Monday, June 27, 2016

Eldercare Q-A: What's the WORST mistake to make when seeking care?

A client asked me that question not long ago.  She phrased it this way:  "Finding a good home for my 90-year-old mother is one of the most difficult things I've undertaken.  What is the one thing I should avoid doing or saying during this process?"

I wasn't used to giving advice to adult children.  But I answered as best as I could."You're the customer. Remember that.  And this is your mother you're looking after.  The position you're in is most likely outside your comfort zone.  So relax, and don't worry about making a mistake."

I could tell she didn't like my answer.  "But what behaviors should we avoid?"

Two things came to mind.  This is what I said:

First, don't hide anything in talking about your mother.  Marketing people and administrators need to know as much as possible about her likes, dislikes, diagnoses, peculiarities, finances, etc. That way they can help you determine whether their services or community will be a good fit for your parent and your family.

Second, don't choose in-home services, retirement or assisted living or an adult family home based on YOUR desires or preferences.  Your parent may have other ideas, and it will be his or her home, not yours. Think back on your vacations growing up.  Did your parents take you to a grand hotel?  To a seaside resort?  To a cabin in the woods?  Or did you go camping?  If your parent moves to a retirement or assisted living community, he or she will be on an extended vacation. Will she want the 20-foot ceilings and chandeliers?  Will small and cozy feel better?  If in doubt, ask your parent.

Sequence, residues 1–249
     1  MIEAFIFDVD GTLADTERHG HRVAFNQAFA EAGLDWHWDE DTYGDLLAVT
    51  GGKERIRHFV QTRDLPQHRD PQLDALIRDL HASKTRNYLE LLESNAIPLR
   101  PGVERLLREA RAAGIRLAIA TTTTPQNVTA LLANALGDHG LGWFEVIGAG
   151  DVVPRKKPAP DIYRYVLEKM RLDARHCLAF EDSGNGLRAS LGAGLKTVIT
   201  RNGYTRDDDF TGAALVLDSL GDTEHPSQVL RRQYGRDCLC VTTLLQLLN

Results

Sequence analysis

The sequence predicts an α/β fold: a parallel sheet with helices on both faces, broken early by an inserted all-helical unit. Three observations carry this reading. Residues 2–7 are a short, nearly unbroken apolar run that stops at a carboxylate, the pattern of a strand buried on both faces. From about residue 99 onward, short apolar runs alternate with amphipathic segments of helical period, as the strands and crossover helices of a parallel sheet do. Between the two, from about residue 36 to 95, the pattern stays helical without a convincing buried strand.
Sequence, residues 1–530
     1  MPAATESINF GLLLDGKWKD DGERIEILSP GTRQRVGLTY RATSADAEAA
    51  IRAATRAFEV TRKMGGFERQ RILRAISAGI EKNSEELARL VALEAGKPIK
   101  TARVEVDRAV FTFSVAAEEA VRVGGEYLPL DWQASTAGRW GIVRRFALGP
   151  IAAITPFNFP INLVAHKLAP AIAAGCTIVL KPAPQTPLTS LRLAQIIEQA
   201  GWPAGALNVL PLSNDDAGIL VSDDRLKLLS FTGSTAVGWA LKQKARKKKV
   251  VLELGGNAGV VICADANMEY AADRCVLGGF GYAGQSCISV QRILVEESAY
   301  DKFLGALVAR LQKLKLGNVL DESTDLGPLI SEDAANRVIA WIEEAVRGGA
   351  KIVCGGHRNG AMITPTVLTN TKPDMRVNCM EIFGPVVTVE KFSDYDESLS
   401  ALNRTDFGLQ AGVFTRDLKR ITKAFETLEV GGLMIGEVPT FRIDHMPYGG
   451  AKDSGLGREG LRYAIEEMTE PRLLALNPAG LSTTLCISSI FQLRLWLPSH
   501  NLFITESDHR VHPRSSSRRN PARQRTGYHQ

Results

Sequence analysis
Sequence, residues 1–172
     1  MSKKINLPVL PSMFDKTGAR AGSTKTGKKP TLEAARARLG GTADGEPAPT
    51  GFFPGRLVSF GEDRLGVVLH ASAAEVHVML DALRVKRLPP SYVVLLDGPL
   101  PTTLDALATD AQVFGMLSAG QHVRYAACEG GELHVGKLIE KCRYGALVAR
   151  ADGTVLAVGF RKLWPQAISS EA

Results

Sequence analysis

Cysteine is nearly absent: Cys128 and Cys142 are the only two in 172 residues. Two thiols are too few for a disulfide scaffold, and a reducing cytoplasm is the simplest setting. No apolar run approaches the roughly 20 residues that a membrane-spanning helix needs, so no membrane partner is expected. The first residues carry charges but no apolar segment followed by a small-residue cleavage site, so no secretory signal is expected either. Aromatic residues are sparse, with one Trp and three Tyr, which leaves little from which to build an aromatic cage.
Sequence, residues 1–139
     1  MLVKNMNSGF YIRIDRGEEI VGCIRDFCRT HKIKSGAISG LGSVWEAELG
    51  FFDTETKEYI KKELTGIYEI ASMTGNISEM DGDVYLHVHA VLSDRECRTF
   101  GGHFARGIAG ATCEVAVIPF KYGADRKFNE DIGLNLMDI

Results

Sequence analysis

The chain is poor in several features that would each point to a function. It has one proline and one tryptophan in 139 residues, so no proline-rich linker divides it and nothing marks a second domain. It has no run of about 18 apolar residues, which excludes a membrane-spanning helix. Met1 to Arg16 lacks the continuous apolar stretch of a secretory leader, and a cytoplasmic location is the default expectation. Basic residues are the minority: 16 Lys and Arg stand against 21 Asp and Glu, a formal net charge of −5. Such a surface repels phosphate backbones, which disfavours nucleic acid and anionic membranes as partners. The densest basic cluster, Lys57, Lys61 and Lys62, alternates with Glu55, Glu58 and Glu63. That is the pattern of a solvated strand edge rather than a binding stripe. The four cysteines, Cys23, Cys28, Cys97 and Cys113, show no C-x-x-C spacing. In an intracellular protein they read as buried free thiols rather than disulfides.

Good luck.  And relax.

Wednesday, June 15, 2016

To move, or not to move? Think SAFETY

It's a huge decision, all right.  Moving from your home is hard at any age, but especially for an older person.  Specifically, your aging parent.

Karin Miller, Geriatric Care Manager, suggests you and your parent look at the possibility through the eyes of SAFETY.  Consider:

Safety in the house
  • Is the house accessible?  Stairs?  Bathroom, Laundry on the main floor, Throw rugs,  grab bars...
  • Is home maintenance too much to deal with?
Safety from the outside
  • Is your parent in danger of being taken advantage of?
  • Driving safely?
Safety of person
  • Is there memory loss?  What about the ability to reason and make decisions?
  • Does he or she know what to do in emergencies?
  • Still cook a meal?  Take a shower safely?
  • Socialization and isolation--Will he or she enjoy being with others in a group setting?
Make a plan
  • List what is safe and unsafe
  • Gather information
  • Hire help--this gives you another set of eyes to see what's going on and to make sure basic needs are met.
  • Discuss the ongoing situation with family
  • Consider objections and realistic alternatives
  • Make a plan now and expect it to change.
This is a journey.

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